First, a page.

Self-touch behaviors accelerate when anxiety is high. They are body language polygraphs.
When people are in a job interview, when suspects are interrogated, when a guy proposes to his gal, self-touch behaviors significantly increase. The person who’s anxious may touch their face, throat, hand, or arm every 10 to 20 seconds, sometimes every couple of seconds, unaware of their self-touch behavior.
More good info for writing characters who are anxious or scared. Just don’t overdo those self-touch behaviors.
Did you make a 100? 90? 80?
Body language is fascinating in real life and on the page.
IN REAL LIFE you get to monitor and moderate your body language when you’re pitching to agents and editors, interacting with booksellers, doing a book signing, being on a panel, presenting a workshop or webinar or master class.
ON THE PAGE you get to explore the full range of body language, and challenge yourself to write it fresh, fresh, fresh! Look at the power you have with body language. You can use faces and voices to add tension, complicate scenes, and drive plot points too.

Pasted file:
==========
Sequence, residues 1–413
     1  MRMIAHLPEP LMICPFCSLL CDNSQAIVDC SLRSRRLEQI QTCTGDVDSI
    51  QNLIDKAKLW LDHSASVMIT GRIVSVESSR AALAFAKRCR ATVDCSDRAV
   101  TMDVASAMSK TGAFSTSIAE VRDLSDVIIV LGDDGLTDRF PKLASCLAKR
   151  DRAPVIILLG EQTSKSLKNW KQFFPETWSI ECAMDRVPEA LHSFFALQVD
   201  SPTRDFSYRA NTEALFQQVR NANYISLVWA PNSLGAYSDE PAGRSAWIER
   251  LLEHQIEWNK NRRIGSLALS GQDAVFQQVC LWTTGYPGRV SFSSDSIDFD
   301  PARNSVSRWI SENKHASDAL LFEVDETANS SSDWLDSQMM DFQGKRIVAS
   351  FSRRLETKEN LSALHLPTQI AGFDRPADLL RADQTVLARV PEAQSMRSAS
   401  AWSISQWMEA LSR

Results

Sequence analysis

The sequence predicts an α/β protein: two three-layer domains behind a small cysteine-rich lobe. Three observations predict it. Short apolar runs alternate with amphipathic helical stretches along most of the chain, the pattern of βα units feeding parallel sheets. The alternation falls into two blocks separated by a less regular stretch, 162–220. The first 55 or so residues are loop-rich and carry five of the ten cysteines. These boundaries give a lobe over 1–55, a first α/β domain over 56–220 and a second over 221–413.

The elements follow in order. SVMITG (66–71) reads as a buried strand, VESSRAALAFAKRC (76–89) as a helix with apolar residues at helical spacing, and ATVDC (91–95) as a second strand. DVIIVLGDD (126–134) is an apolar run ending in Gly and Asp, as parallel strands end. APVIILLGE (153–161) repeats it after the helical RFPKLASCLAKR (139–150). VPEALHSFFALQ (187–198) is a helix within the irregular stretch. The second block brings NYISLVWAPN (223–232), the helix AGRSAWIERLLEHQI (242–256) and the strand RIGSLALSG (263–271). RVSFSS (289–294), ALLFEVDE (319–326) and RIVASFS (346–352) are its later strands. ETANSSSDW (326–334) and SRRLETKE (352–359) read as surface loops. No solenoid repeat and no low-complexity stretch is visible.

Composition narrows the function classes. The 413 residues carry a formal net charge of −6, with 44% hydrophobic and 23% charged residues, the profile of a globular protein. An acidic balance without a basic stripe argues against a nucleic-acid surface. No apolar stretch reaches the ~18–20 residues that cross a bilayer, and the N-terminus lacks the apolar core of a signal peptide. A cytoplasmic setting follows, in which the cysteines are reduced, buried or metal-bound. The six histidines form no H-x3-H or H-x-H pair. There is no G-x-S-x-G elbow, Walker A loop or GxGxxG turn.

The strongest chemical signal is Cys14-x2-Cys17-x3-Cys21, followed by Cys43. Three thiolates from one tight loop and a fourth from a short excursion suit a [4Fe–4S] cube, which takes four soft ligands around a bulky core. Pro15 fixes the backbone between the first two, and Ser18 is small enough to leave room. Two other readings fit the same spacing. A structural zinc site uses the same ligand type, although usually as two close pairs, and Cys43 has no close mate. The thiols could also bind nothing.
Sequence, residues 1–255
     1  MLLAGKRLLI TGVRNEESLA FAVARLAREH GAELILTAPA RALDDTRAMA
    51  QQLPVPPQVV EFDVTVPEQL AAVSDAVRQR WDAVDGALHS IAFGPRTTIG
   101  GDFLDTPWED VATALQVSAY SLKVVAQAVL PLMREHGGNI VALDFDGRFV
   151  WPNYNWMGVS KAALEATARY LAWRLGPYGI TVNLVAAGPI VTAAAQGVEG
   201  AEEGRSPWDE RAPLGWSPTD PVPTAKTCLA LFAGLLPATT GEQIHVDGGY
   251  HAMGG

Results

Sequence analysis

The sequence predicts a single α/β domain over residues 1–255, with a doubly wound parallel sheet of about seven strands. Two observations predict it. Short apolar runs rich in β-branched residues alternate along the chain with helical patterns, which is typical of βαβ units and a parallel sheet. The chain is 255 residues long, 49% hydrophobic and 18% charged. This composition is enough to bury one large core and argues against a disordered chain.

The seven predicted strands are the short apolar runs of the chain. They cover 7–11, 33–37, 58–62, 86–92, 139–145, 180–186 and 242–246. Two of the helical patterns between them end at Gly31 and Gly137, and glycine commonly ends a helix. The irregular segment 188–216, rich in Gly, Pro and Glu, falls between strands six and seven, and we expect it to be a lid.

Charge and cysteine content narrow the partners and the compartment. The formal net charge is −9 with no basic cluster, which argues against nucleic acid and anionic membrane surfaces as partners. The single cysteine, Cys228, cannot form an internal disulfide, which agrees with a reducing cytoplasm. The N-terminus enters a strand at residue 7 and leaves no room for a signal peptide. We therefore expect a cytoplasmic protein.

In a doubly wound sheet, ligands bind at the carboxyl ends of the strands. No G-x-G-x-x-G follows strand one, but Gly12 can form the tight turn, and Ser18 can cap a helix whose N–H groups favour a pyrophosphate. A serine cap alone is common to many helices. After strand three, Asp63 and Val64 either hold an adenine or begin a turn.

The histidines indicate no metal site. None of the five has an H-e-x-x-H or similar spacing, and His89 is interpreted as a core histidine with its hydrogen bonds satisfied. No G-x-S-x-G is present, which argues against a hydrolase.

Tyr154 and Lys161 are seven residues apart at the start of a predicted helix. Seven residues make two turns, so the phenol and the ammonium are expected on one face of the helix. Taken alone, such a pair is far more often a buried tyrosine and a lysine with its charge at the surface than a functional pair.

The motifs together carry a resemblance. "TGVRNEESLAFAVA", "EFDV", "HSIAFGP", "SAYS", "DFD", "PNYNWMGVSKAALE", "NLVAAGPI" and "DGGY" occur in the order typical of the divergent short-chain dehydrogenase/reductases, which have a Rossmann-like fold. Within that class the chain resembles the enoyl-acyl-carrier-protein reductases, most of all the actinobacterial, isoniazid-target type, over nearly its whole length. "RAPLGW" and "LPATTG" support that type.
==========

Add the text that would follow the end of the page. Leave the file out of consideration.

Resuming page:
Dig for the truth. Share the tension. Write those faces and voices in fresh ways.
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Take my Writing Body Language and Dialogue Cues Like a Psychologist class. It starts tomorrow, June 1. Don’t miss out!
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Margie Lawson left a career in psychology to focus on another passion—helping writers make their stories, characters, and words strong. Using a psychologically-based, deep-editing approach, Margie teaches writers how to bring emotion to the page. Emotion equals power. Power grabs readers and holds onto them until the end. Hundreds of Margie grads have gone on to win awards, find agents, sign with publishers, and hit bestseller lists.
An international presenter, Margie has taught over 150 full-day master classes in the U.S., Canada, Australia, New Zealand, and France, as well as multi-day intensives on cruise ships in the Caribbean. Pre-COVID, she taught 5-day Immersion Master Classes across the U.S. and Canada and in seven cities in Australia too.
COVID Update: Immersion Master Classes are now virtual, taught through Zoom. Virtual Immersion classes are limited to six writers. They're two days long—and as always, writers get one on one deep editing with Margie.
She also founded Lawson Writer's Academy, where you’ll find over 30 instructors teaching online courses through her website. To learn more, and sign up for Margie’s newsletter, visit www.margielawson.com.
I’m so proud of all the smart classes we offer writers. Check out our powerful line-up for June!
I’d love to cyber-meet you! Drop by my monthly “Get Happy with Margie” Open House, Tuesday, June 15, 5:00 – 7:00 p.m. Mountain Time.
Thank you again. See you in the comments section!